I'd like to chime in myself, my Echo will restart itself at least twice daily, and usually while I'm not touching it and haven't touched it for quite some time. My device does not shut down completely, just cycles through it's restart process.
I have the software version 2.002SP, and the Android version 2.3.4.
I changed a setting as I type this, to stop automatically updating apps, on the off chance that perhaps it was restarting itself after installing an update. We'll see if that changes anything.
Aside from this issue, I am overall quite pleased with the Echo, and sad to see it on the EOL list so soon.
I have had my echo for about 6 months.. and it still restarts to this day. Had the repair shop update, factory restart and everything else they could do to fix it... still nothing. Didnt replace it since everyone elese replacements seem to do the same thing. Last night I checked for an update.. there was on so I updated my phone like an idoit. It took over 12 hours for it to finish. Now I can not reply to any of my texts. The touch screen is working fine. I can make calls. It seems to just be both input methods, the swype and the android keyboard. Might anyone have a solution, or know how i can reinstall the older version?
Model number m9300
software ver 2.002sp
prl ver 1123
android ver 2.3.4
baseband ver 2.002
kernel ver 22.214.171.124-perf+release@release#1
build number gingerbread
Random restarts may sometimes be because of low internal memory. You can double check your internal memory by going to the Home screen -> Menu button -> Settings -> Storage. Check there if it is really low you may want to shut off memory hog apps or get an app which helps you stop this type of apps hogging precious memory space. You can tell which apps are currently running by going to Menu - > Manage Apps -> Running tab, then select a specific app and click "Stop".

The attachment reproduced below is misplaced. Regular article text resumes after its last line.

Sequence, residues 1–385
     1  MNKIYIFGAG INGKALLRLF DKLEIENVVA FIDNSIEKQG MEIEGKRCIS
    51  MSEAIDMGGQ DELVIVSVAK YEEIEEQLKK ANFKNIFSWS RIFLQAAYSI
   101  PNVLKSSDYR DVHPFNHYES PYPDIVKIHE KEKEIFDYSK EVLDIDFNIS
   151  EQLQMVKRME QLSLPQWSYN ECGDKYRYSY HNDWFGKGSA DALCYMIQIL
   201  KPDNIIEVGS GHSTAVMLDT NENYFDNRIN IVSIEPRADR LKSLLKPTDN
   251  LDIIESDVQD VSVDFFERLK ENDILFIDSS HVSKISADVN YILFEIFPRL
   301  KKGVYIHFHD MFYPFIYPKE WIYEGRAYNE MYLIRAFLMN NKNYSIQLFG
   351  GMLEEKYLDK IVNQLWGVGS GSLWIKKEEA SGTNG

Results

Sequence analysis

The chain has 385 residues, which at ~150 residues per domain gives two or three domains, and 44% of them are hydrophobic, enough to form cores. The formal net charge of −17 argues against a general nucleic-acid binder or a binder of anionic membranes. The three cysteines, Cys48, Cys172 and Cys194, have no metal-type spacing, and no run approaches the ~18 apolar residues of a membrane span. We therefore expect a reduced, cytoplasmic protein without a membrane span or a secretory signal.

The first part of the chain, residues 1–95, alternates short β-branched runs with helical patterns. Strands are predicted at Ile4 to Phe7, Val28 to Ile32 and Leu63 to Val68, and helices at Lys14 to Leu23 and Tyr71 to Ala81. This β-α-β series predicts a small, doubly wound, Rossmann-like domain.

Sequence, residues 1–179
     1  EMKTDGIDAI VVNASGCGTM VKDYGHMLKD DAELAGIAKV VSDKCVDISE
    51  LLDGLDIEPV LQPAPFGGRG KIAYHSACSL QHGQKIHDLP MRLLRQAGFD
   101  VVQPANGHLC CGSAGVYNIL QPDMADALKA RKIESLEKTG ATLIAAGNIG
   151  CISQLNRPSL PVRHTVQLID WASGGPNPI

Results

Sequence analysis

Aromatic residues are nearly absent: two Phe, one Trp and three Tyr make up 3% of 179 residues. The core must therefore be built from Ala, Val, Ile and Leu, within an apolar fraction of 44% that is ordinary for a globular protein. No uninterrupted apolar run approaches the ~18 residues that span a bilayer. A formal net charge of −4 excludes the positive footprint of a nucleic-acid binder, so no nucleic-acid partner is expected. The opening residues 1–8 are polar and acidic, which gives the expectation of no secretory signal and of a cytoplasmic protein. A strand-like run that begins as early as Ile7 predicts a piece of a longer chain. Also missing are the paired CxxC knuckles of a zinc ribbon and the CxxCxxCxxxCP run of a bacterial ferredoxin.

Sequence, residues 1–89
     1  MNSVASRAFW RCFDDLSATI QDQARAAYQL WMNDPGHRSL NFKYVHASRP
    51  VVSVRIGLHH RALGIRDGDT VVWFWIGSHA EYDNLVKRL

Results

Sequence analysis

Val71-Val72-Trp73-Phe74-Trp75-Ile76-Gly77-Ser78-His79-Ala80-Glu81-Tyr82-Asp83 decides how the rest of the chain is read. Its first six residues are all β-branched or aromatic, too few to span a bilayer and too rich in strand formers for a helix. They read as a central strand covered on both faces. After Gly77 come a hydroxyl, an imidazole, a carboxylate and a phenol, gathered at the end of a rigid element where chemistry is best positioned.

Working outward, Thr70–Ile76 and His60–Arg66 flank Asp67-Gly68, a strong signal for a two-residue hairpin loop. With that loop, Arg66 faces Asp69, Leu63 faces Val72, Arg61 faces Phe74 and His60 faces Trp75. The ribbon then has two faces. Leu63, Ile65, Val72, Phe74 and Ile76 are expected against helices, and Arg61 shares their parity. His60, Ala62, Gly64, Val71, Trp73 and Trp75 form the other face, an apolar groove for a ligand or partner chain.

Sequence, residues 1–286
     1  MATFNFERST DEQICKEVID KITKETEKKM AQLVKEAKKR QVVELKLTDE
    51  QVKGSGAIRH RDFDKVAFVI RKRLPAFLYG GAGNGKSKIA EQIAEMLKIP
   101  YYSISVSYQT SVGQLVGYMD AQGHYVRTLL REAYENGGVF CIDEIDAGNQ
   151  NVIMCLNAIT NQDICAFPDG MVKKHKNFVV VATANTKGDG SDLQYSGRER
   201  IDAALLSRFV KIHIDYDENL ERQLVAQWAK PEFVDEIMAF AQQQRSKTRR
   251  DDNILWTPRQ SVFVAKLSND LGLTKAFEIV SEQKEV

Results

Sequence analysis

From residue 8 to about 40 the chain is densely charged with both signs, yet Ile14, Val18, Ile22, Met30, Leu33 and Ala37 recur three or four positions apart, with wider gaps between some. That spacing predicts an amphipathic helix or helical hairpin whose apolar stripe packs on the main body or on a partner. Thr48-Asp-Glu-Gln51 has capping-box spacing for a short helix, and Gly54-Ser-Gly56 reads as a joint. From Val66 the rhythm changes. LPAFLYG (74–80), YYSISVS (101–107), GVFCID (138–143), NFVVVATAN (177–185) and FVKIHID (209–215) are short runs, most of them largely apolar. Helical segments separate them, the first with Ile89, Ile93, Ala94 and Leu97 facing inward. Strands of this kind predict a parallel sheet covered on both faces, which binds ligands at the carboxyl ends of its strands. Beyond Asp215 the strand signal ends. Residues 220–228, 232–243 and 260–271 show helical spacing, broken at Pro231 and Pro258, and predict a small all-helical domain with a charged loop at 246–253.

Be careful to only shutdown applications you have downloaded, and not operating system processes. I am not responsible if you crash the wrong application, always double check that it is an okay app to stop.
"Officially," Sprint will not recommend using task killers or stopping apps from running. From a nuisance stand point and based on the particular apps design, you may have to repeatedly stop the app from running, or you may inadvertantly stop the wrong app causing further complications. Android 2.2 and later really addressed this problem more effeciently than previous OS's so there is no need to stop apps from running.
For a low memory situation on an Android, the only real fix is to uninstall apps. Many entry-level Androids didn't have more than a half a Gig of internal memory alloted for applications and most have less than this. Many users are simply adding more apps than the phone was designed for.